Early adopters of new IT and customers of start-up vendors can win competitive advantage and other treasures, but only if they look before they leap.
- When to consider becoming an early technology adopter
- Risk mitigation tips for contracts and implementation
- Specific rewards from new applications, platforms and delivery mechanisms
Years of budget cuts and still-painful scars from the overheated tech-buying spree of the 90s have left many companies nervous about being early adopters. Being first in line for products based on cutting-edge technology is even more hair-raising when you're holding hands with a start-up vendor. But a few braver-than-average companies are taking chances and making them pay.
The reasons they become early adopters vary. For some, it's a necessity rather than a choice, when they find no mature technology to meet their needs. For others, it's a calculated attempt to save gobs of money. For others still, it's a necessary step to leapfrog larger competitors. And with expectations for IT to drive innovation and competitive advantage at a growing number of organizations, the urgency to try something new is mounting. Even Nicholas Carr - Mr "IT Doesn't Matter" - admits in his book that IT first movers have an opportunity to gain competitive advantage.
Whatever the motivation, being an early adopter involves significant risks as well as rewards. As with bungee jumping, careful preparation can mitigate many dangers. But at some point, you're still going to have to take that big step off the bridge.
Before you do it, early adopters uniformly warn, you must make a strong business case for the move - the stronger the better. Will using the new technology ensure that you will gain ground on the competition? Will it allow you to win new business you can't acquire any other way? Will it cut costs out of your operations like nothing else can? Will it make you orders of magnitude more agile than you are today? If you can't build a sound case around any of these business outcomes, then waiting or seeking a more established solution is probably the wiser way to go.
And even if you can build the case, you need to look inside and make sure that you and your company have the intestinal fortitude to follow through with the implementation. Working with new tech can have remarkable benefits, but the path to those rewards may be significantly more strenuous than when you deal with established technology from a known vendor. You'll be building best practices, not borrowing them. Technical support may be limited or nonexistent. You may in effect be beta testing (or even alpha testing) the product. The implementation process will require more risk mitigation planning and ongoing monitoring than you're accustomed to.
Still interested? Good. Now it's time to see how several companies made it work.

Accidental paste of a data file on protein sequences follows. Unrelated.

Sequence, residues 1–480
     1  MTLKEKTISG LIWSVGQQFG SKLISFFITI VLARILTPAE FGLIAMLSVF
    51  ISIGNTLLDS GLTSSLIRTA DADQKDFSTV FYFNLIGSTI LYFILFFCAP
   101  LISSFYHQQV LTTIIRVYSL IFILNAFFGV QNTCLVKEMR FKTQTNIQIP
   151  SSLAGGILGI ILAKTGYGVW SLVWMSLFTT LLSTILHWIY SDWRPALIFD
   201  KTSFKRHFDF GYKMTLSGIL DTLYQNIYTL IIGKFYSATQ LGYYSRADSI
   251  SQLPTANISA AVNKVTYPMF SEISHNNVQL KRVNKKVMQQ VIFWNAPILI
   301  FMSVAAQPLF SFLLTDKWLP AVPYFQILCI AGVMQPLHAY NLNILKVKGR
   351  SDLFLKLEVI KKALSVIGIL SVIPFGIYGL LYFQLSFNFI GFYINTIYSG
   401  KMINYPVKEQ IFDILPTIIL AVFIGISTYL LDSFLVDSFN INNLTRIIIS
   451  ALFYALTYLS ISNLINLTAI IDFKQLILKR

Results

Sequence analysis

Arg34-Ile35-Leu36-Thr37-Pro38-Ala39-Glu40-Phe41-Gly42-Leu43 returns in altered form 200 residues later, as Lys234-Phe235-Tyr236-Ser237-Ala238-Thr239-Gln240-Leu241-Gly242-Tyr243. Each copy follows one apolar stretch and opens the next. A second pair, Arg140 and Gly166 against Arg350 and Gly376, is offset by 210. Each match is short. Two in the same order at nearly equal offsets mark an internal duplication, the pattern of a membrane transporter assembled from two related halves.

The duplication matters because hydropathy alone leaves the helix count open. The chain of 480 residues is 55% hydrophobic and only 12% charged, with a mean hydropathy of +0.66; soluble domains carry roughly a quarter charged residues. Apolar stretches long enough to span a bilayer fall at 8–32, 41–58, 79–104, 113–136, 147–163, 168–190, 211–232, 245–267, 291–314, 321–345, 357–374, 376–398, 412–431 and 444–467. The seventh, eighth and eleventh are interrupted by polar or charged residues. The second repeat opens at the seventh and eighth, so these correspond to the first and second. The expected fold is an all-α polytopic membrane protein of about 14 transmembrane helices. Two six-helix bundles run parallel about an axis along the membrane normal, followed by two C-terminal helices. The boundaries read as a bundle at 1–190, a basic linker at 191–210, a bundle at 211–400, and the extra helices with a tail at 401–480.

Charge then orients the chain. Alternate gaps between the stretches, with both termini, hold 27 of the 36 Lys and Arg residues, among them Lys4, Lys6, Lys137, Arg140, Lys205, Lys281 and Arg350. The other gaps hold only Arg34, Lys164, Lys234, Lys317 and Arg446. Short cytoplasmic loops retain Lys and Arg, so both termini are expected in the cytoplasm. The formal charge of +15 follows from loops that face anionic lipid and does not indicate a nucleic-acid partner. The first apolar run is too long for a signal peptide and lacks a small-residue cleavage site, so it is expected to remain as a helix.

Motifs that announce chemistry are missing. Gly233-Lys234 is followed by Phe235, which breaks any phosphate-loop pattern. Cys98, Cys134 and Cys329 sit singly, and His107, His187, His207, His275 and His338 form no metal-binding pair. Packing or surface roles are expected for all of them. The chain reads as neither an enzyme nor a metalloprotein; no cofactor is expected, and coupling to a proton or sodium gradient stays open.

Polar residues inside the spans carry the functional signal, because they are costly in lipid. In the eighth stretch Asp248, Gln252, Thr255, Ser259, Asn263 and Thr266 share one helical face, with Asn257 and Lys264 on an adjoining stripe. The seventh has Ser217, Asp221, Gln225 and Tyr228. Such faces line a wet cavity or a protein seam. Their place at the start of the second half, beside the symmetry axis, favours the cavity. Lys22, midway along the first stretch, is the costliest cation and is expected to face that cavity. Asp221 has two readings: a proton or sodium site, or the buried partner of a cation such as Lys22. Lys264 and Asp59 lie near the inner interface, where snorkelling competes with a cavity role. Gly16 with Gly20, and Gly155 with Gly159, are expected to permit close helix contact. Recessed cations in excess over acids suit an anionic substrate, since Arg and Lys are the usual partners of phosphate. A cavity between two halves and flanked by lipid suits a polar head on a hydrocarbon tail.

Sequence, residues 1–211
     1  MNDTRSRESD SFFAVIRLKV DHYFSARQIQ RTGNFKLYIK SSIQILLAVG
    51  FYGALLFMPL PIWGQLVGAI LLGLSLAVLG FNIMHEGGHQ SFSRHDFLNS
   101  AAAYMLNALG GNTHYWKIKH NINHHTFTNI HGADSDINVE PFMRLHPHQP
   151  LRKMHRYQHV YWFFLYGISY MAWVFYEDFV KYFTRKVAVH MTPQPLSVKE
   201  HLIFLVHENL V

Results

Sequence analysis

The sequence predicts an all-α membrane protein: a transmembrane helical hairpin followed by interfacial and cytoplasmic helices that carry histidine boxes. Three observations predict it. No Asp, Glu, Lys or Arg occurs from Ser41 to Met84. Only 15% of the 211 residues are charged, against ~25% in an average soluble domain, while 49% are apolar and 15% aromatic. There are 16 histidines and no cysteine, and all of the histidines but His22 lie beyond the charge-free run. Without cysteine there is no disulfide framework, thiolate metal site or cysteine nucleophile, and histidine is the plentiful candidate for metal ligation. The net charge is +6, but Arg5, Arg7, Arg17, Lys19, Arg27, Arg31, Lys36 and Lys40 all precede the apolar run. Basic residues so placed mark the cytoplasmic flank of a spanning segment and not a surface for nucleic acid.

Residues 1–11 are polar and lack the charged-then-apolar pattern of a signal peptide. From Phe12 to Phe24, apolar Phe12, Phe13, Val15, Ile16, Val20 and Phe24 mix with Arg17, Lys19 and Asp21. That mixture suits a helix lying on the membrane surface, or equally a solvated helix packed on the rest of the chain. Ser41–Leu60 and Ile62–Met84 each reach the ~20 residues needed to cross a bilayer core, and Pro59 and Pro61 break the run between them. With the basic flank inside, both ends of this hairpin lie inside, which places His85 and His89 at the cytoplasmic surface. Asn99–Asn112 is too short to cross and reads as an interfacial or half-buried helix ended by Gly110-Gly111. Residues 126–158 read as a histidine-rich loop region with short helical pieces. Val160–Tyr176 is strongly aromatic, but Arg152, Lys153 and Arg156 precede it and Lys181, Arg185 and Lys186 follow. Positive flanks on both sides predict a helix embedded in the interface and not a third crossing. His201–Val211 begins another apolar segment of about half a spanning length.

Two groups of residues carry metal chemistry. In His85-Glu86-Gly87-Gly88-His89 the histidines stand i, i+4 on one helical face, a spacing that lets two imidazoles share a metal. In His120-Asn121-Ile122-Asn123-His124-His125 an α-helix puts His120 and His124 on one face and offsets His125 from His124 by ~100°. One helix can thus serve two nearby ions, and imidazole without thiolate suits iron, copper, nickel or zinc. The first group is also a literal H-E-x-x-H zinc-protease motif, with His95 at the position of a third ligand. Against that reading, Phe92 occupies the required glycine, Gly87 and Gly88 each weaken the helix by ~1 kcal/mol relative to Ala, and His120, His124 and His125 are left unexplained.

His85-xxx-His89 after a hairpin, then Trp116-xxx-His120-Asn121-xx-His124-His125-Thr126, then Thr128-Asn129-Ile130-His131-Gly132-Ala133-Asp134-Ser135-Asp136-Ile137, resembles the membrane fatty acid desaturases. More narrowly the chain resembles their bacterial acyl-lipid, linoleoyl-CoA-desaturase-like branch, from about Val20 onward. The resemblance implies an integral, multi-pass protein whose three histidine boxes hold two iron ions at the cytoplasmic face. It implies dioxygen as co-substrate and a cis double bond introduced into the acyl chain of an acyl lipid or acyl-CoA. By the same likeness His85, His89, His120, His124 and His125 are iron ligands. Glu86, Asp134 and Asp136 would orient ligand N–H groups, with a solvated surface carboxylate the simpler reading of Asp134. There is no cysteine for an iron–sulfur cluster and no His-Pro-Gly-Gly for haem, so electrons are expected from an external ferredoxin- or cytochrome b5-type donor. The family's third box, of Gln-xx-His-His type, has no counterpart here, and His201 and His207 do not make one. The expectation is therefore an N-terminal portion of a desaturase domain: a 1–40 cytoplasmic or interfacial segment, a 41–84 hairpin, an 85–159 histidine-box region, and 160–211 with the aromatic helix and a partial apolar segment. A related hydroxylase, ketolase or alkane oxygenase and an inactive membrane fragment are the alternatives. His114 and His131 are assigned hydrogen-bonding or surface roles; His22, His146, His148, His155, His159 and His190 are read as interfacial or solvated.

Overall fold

Reasons and Rewards
COST REDUCTION When Mysia Benford became information systems and logistics director at Associated British Nutrition and Agriproducts (ABNA) in November 2001, she knew she was getting into a company that didn't make changes lightly. Some inefficient business processes had been in place for decades at the agricultural products and services company. Farmers, for instance, often called for grain feed delivery when their feed bins were just about down to dust. Feed products are made to order, so a late order would alter the manufacturing schedule, introducing the possibility of raw material substitution with its increased cost. And pickup and delivery times were not always well-coordinated. Empty trucks - fresh from delivering feed to a farm - would sometimes pass other empty ABNA trucks on their way to the same farm to pick up products that the farmer was selling.
The typical solution for overhauling inefficient logistics is an ERP system. But Benford wouldn't hear of it. "My view is that [ERP] is an executive solution to 'Wouldn't it be lovely if there were one thing in the world that would solve all my problems?'," she says. "To be generous, it's naive."
Instead, Benford wanted a solution that would allow her to quickly integrate new business processes - and even new businesses - without the hassle that she associated with ERP. "All the [ERP] configuration issues mean you need a load of consultants before you can see how this software works," she says. And if that happens, "you've lost as an organization the ability to understand how your business works". Her alternative was something brand-new at the time (early 2002), a service-oriented architecture (SOA) built on an enterprise service bus (ESB) from Sonic Software. The integration flexibility it provides ABNA means that a $US2.8 million software-plus-implementation investment in Sonic ESB and a separate enterprise logistics product "have the potential to generate a 5 percent to 10 percent reduction in ABNA's $US100 million yearly costs for logistics", Benford says.
But convincing every piece of the supply chain to take advantage of the flexibility that SOA can provide remains an ongoing challenge. In the case of the empty farmer silos, for instance, ABNA has begun testing sensors that could generate an XML request when feed drops to a specified minimum level. The ESB would then treat that request as a B2B transaction for more feed, replacing the last-minute phone call from the farmer and eliminating the need for human data entry.
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